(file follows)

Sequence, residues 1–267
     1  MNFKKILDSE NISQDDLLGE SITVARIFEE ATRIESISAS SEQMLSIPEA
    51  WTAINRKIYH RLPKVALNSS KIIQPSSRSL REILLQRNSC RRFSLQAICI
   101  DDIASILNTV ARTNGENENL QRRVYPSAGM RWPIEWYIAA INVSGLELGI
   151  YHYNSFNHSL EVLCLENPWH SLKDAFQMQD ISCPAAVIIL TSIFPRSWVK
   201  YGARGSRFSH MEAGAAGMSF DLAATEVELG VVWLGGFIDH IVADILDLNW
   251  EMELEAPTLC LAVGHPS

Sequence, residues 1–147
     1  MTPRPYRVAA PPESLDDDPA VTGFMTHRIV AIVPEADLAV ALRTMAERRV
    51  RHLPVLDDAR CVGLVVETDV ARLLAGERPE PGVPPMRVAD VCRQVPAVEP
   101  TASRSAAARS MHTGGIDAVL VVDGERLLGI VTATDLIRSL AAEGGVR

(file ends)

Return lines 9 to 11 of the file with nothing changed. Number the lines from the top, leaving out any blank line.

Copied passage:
     1  MTPRPYRVAA PPESLDDDPA VTGFMTHRIV AIVPEADLAV ALRTMAERRV
    51  RHLPVLDDAR CVGLVVETDV ARLLAGERPE PGVPPMRVAD VCRQVPAVEP
   101  TASRSAAARS MHTGGIDAVL VVDGERLLGI VTATDLIRSL AAEGGVR